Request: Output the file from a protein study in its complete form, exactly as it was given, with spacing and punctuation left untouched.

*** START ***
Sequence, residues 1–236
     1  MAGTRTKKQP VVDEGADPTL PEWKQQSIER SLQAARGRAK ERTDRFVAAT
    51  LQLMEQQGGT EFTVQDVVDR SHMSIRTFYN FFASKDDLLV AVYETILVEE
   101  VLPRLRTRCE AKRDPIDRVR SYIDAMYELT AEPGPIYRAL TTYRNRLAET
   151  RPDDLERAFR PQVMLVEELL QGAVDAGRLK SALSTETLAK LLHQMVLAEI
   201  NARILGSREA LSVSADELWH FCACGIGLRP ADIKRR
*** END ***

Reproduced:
Sequence, residues 1–236
     1  MAGTRTKKQP VVDEGADPTL PEWKQQSIER SLQAARGRAK ERTDRFVAAT
    51  LQLMEQQGGT EFTVQDVVDR SHMSIRTFYN FFASKDDLLV AVYETILVEE
   101  VLPRLRTRCE AKRDPIDRVR SYIDAMYELT AEPGPIYRAL TTYRNRLAET
   151  RPDDLERAFR PQVMLVEELL QGAVDAGRLK SALSTETLAK LLHQMVLAEI
   201  NARILGSREA LSVSADELWH FCACGIGLRP ADIKRR